Omne quod movetur, etc.

Interaction is of moved movers.

Physical motion is to a term, but to a good only where it can be an instrument. But goodness and being convert. Since physical motion is essentially a being, it is therefore essentially an instrument of another.

All physical motion is relative. If we see a contradiction in this, it is not a proof for absolute space or natural places, but for the dependence of the physical on the trans-physical.

Body A moves body B. But the actual resulting motion is affected by B’s moving A as well. So the resulting motion is the coalescing of the two. Call it C. But A is other than C. So whatever moves by interaction is being moved by another.

A is moving B, therefore A is the agent cause. False. The horse/ automobile / slave is A. Agency is not an index not of approaching a first push or pull, but an intention.

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11 Comments

  1. JeffC said,

    March 26, 2012 at 10:08 pm

    How is motion a being? Motion is closer to becoming than to being: it is process. It is imperfect being, if it is being at all and only has being because it inheres in that which is moving.

    • March 27, 2012 at 6:53 am

      Not sure I have a very clear answer, but in the context of that argument it would be enough to say that, so far as it is a being, it is an instrument. Or, to choose a metaphor less reminiscent of a marionette, we could say that so far as it is a being, it is in relation to the trans-physical.

      • JeffC said,

        March 27, 2012 at 1:18 pm

        That was clear enough, but I am not comfortable granting that motion is in relation to the trans-physical very easily. That seems a little too close to jumping from physics to metaphysics before one even knows what metaphysics is, which is begging the question. Are you intending to argue for the existence of an unmoved-mover (the trans-physical?) simply from the being of a motion? If so, I think you are incorrect because motion cannot have a being apart from the being of what is in motion so you haven’t gotten to the trans-phycial yet!

      • March 27, 2012 at 5:56 pm

        What premise are you taking issue with?

      • JeffC said,

        March 27, 2012 at 1:27 pm

        Even understood as part of an epistemological approach, I am having difficulty understanding how agency is an index of an intention rather than of an action. It seems to me that to consider agency as intention is to move precariously close to idealism.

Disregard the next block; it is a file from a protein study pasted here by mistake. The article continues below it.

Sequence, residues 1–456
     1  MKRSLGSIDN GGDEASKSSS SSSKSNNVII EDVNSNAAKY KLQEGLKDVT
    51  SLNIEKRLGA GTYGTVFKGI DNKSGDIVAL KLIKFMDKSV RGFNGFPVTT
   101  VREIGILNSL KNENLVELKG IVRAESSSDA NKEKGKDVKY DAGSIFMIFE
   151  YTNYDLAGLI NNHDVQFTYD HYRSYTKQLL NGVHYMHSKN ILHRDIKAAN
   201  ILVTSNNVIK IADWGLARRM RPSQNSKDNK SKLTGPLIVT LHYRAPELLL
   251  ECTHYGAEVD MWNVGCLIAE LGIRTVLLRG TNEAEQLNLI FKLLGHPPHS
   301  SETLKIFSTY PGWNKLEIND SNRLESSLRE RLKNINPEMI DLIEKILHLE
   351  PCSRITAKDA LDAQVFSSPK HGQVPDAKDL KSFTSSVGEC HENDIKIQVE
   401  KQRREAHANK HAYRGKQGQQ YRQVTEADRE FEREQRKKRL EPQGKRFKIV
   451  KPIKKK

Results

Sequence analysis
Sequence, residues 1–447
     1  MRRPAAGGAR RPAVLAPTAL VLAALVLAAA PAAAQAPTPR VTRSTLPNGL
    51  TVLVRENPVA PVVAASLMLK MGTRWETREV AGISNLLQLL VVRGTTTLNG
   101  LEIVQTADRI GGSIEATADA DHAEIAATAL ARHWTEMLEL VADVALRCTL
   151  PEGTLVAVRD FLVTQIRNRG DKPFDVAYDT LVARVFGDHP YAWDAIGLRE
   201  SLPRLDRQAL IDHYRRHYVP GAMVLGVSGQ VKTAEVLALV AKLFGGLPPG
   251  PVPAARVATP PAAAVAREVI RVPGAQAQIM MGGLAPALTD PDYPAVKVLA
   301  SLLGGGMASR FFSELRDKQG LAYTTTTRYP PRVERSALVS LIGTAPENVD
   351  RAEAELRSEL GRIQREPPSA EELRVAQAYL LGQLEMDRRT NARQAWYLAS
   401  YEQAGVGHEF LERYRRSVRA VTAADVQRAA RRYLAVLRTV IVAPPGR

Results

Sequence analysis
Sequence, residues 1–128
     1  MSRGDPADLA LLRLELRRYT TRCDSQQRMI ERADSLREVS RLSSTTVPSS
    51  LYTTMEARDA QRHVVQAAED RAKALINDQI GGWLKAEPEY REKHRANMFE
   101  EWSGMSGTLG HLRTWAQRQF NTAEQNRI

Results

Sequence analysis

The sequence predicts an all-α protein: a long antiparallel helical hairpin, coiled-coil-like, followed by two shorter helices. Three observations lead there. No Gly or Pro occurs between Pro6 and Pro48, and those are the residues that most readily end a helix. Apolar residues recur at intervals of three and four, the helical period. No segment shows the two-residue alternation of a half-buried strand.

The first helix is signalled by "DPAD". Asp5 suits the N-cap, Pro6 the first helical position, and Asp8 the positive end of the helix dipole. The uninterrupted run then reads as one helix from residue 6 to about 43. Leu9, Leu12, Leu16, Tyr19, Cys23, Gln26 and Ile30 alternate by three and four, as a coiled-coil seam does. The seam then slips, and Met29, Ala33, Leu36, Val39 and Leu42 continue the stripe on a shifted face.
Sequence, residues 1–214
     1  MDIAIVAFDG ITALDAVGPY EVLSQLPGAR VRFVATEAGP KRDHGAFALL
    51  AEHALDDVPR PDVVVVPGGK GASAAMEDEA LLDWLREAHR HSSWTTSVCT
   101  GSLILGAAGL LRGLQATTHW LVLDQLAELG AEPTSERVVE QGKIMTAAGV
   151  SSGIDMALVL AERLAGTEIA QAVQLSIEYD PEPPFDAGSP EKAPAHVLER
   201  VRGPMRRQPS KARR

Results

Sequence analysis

• March 27, 2012 at 5:59 pm

        The regression of agents is not to things like forces. Forces are proper to moved movers, and the first sense of an agent is not a moved mover – this would make an instrument your first idea of an agent.

      • JeffC said,

        March 28, 2012 at 9:43 am

        I was taking issue with the idea that physical motion, as a being, is in relation to the trans-physical IF you are considering this argument from a viewpoint of one doing natural philosophy and/or metaphysics. First, it would appear that you are ascribing “being” (esse?) to physical motion itself, which I do not consider to be true (or at the very least congruous with the thought of St. Thomas). Second, I have a problem with considering motion as related to the trans-physical in natural philosophy because that would be more apropos to a consideration of motion in metaphysics.

        Considered epistemologically, I do not really have an issue. I wrote the first reply before reading any of your posts and the relevant comments on interaction.

  2. thenyssan said,

    March 27, 2012 at 4:51 am

    Can you help yourself to convertibility before you’ve established actus purus? You’d have to revise STA and prove convertibility by a different means.

    • March 27, 2012 at 6:56 am

      I think so – any argument that evil was a privation or corruption would work. I’m thinking of Augustine’s arguments in the confessions.

      • thenyssan said,

        March 27, 2012 at 7:47 am

        I’m not ready to let you off the hook on this one yet! :-) I’ll have to re-read the Confessions material before I reply though.

        It’s a nice post, btw. I always enjoy your physics stuff.

  3. thesonneteer said,

    March 29, 2012 at 1:43 pm

    St. Augustine’s arguments about evil as a privation or want of good is wonderful for maintaining sanity and distinction in belief and the problem of good and evil. As someone who worked in Air Conditioning for a long time, the importance of the definition of cold as a want or lack of something positive (heat) provides a wonderful proof or analogy from reality/nature for the Christian view of what evil is; to wit, a want or lack of (some) good: a privation. The same holds true for light, life, health, wealth, etc. The Doctor both explains and holds this doctrine consistently throughout his “the City of God” also and, therefore, you may wish to consult that work.


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